Try One, Like One, Buy One is a program that will be implemented by Ugly Food of the North in cooperation with Fargo-Moorhead area farmers markets. This program will share a seasonal cosmetically imperfect food (i.e. misshapen tomatoes, crooked cucumbers, warty squash) with children ages 6-11 at a booth at participating farmers markets. Children will be educated about the importance of not judging a food by the way it looks and to value food based on qualities like being healthful and locally grown. Children will then be given the opportunity to taste the food (either in the raw or prepared form, if required). If they taste the food, they will be provided 2 tokens (each valued at $1) to buy their own fresh produce at the farmers market. These tokens are the same tokens that are available to SNAP participants, therefore limiting the options that children can buy to mainly fruits and vegetables. This program is modeled after a similar program successfully implemented at the Mill City Farmers Market in Minneapolis.

Angie Hasbrouck | Family Wellness | Healthy Cooking in the Classroom

Through the Healthy Cooking in the Classroom Program, Family Wellness provides hands on healthy cooking instruction in the classroom to many area elementary students in West Fargo, Fargo, and potentially Moorhead. This program teaches children different food preparation skills such as: opening cans, slicing, mixing, measuring, and heat element safety. The program aims to increase fruit and vegetable intake, improve nutrition scores, and create lifelong healthy cooking skills. During the program, 4th and 5th grade students receive four healthy cooking lessons where they make (and eat) a healthy recipe. These hands on lessons take place during the health or physical education class of their school day and are provided at no cost to the student. Each student gets to take a recipe handout home and are encouraged to make the recipe at home with their family. All recipes follow USDA and American Heart Association nutrition guidelines and are items that the children can make themselves. This program was added into the health curriculum of all 10 West Fargo elementary schools and has been implemented into 3 Fargo schools impacting over 2,100 students. We are looking to expand to one more elementary school with this funding which would impact roughly 200 more students.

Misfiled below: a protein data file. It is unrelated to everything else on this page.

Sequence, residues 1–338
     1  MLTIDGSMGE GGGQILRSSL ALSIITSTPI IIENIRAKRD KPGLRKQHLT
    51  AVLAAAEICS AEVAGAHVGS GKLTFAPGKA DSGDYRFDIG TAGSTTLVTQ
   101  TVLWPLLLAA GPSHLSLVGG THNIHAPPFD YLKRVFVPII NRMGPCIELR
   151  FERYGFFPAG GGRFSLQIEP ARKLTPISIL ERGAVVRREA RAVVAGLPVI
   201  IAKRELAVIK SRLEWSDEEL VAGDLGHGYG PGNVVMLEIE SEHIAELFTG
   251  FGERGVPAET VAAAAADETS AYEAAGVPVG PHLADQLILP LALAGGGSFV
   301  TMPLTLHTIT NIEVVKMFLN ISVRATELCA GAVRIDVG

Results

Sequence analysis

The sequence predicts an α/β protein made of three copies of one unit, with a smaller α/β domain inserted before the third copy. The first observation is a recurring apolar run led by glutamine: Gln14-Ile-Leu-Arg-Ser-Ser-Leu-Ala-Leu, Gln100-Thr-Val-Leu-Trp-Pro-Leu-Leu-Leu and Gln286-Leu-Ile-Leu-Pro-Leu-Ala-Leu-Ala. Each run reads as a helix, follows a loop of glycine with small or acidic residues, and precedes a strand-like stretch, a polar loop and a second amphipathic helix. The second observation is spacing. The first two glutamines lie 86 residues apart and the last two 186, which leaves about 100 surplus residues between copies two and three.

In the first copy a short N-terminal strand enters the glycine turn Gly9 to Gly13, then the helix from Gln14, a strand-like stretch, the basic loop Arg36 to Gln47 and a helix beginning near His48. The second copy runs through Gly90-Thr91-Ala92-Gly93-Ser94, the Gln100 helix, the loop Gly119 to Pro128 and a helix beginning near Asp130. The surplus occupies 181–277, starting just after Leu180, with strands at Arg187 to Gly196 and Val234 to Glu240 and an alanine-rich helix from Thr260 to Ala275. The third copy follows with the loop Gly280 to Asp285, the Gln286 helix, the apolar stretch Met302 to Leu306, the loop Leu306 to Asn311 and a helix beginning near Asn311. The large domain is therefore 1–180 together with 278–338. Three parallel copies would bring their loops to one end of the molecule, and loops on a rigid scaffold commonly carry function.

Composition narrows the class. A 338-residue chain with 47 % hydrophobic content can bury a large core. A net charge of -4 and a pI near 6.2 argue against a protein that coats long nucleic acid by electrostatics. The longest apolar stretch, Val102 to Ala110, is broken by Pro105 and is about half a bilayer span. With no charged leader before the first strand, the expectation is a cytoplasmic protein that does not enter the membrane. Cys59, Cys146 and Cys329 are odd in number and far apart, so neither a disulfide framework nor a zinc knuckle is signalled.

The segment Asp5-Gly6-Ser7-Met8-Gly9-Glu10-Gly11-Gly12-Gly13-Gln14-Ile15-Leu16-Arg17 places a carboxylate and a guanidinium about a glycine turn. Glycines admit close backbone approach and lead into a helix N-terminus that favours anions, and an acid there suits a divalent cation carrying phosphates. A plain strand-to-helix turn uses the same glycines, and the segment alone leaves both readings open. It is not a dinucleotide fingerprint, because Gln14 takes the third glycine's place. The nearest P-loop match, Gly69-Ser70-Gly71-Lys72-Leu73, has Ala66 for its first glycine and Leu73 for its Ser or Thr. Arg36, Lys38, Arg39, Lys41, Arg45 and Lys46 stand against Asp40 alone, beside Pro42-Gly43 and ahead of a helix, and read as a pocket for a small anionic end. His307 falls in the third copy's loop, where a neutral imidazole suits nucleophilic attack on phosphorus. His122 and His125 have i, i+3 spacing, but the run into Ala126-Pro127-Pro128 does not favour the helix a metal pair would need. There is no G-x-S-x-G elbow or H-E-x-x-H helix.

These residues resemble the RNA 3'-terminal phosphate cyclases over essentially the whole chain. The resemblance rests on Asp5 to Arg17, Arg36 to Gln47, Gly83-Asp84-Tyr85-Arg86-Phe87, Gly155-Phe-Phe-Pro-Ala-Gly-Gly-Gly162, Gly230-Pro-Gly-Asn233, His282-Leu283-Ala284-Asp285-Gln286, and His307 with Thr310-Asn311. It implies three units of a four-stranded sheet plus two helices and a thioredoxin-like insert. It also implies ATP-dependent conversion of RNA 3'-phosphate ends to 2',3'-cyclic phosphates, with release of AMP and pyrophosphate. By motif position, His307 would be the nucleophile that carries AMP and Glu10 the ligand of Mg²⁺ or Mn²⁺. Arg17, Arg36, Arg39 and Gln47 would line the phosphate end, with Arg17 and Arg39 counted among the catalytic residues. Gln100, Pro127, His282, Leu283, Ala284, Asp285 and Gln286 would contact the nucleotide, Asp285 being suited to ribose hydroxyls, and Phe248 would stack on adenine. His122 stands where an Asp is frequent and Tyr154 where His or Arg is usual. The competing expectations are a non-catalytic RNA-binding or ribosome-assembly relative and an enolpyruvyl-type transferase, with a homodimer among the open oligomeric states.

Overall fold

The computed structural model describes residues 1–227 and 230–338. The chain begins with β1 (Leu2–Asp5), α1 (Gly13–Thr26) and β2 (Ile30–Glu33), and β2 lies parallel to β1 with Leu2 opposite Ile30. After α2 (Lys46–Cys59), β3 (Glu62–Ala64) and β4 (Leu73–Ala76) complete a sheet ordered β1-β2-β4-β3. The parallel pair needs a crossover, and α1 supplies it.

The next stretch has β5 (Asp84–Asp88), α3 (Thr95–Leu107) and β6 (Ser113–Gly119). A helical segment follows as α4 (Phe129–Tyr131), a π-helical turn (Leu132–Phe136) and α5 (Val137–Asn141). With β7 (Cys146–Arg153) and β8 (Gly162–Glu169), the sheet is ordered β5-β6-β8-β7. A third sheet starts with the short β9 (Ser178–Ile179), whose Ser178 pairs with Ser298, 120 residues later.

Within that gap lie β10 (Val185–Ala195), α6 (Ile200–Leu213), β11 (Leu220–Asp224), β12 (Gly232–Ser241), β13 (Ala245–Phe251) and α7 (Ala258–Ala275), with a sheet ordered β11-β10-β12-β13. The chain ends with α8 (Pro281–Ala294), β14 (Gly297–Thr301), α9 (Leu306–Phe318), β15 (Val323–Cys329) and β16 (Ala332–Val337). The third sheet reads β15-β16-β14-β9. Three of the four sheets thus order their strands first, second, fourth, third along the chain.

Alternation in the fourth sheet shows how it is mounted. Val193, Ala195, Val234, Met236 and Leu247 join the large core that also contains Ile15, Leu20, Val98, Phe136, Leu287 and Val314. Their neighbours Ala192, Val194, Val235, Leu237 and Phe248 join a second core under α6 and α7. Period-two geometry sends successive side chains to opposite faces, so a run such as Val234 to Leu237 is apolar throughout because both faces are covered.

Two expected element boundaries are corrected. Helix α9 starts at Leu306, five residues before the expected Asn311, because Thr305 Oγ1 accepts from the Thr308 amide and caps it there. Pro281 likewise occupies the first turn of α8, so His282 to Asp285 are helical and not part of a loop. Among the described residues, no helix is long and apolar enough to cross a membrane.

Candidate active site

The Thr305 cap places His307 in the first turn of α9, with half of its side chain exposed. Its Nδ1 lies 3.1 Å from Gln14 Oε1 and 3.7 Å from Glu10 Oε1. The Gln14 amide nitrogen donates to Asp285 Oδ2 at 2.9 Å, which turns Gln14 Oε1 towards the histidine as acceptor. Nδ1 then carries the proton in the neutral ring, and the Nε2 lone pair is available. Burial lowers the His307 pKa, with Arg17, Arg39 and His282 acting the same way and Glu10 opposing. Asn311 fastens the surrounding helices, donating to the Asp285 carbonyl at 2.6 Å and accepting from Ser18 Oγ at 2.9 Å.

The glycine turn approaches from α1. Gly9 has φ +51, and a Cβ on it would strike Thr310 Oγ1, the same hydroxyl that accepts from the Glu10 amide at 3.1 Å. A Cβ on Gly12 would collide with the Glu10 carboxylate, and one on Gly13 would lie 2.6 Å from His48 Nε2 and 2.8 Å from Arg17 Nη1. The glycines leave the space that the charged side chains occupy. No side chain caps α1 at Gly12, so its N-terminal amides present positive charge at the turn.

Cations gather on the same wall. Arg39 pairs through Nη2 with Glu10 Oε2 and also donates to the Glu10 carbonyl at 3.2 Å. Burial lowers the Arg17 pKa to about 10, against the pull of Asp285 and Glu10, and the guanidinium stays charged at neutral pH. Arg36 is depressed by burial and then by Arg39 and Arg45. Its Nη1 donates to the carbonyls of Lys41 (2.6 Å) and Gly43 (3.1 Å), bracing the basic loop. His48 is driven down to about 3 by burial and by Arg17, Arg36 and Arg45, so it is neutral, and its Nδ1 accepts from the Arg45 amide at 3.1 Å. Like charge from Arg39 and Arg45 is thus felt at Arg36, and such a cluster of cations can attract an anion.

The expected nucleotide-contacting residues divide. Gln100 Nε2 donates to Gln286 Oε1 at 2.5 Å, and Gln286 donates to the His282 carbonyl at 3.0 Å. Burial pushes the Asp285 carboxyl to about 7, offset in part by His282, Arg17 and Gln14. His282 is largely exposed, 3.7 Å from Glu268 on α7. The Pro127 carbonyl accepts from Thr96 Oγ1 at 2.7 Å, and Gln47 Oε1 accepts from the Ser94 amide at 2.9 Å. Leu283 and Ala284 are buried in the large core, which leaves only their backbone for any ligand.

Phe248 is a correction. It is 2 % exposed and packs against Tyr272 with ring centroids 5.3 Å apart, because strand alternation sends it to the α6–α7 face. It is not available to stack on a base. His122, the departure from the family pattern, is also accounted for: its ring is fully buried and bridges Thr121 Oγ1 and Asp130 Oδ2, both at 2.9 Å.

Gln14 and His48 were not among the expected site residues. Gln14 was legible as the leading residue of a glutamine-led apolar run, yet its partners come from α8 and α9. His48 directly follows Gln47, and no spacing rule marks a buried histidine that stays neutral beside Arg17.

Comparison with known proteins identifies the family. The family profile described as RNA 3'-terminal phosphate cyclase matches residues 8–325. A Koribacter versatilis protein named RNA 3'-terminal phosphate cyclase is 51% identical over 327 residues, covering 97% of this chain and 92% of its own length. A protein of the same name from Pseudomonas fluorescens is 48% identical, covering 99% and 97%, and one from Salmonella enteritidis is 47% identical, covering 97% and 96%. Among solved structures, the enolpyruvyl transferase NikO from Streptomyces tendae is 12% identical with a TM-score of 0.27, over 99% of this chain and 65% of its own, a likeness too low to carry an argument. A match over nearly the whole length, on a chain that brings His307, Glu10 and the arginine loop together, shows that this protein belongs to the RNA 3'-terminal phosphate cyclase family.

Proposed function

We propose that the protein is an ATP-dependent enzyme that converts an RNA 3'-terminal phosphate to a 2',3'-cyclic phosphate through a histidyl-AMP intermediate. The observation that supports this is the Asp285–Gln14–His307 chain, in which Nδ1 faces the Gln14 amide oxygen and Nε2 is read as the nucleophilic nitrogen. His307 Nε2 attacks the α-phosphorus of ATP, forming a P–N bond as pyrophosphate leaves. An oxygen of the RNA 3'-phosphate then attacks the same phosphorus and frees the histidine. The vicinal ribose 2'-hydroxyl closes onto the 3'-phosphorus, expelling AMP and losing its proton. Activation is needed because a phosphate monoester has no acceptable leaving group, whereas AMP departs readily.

Ann Schuetzle | Heartland Child Nutrition | Enhancement for Child Care Food Program Training

Heartland Child Nutrition is a state-wide sponsor of the USDA Child and Adult Care Food Program (CACFP) with 500 enrolled family child care providers.   A large scale change in the USDA Meal Pattern for the ACFP will take effect Oct. 1, 2017.  Heartland Child Nutrition plans to conduct 14 training sessions across the state for child care providers during spring 2017.  There are numerous changes to discuss, with the

major changes being: 1) at least one grains/bread serving a day must be a whole grain product   2) sweet grains/breads – cookies, sweet rolls, granola bars, etc. – will no longer be reimbursable   3) cereals will be limited to 6 grams sugar/oz. or less   4) whole milk must be served to 1 year olds 5) a protein food may be served instead of a grains/bread at breakfast.    

This grant request is to fund an assortment of whole grain products at a value of $35 each per training session (14 sessions).  The whole grain products would serve two purposes:  1) Serve as examples of whole grain products that could be incorporated into their child care meals and snacks.  The products will be on display and discussed at the sessions.   2) The collection of products will be a door prize to a lucky child care provider at each of the trainings.  A photo of the door prize will be used in promotions to attend the trainings with clear indication that it is provided by the ND Nutrition Council.  We have found in the past that offering door prizes is an incentive to attend trainings.


Heide Martin | SENDCAA Food Program | Updated Creditable Food Guide and Training

the SENDCAA Child & Adult Care Food Program (CACFP) will implement their newly updated meal patterns for childcare. This is the first major revision of the CACFP meal patterns since the program's inception in 1968 and will require meals and snacks provided through the CACFP to better reflect the Dietary Guidelines for Americans and the nutritional issues facing young children. The new meal patterns showcase a greater variety of vegetables and fruits, more whole grains, and less added sugar. To aid our childcare providers in having a complete understanding of USDA’s new guidelines, we plan to update our current Creditable Food Guide to reflect these new guidelines and present a minimum of two face to face workshops. The updated Creditable Food Guide will contain lists of creditable and non-creditable food items organized by food groups, explanation of components for each meal, policies and procedures, protocol for special diets and infant feeding guidelines. In August a minimum of two face to face trainings will be presented to go along with this new Creditable Food Guide. During the workshop providers will participate in revising menus to coordinate with the new meal patterns, receive education on whole grain and low sugar cereal options, and gain ideas for healthy celebrations at snack time. Providers will leave feeling confident about fulfilling the criteria for the new meal patterns.

Jan Stankiewicz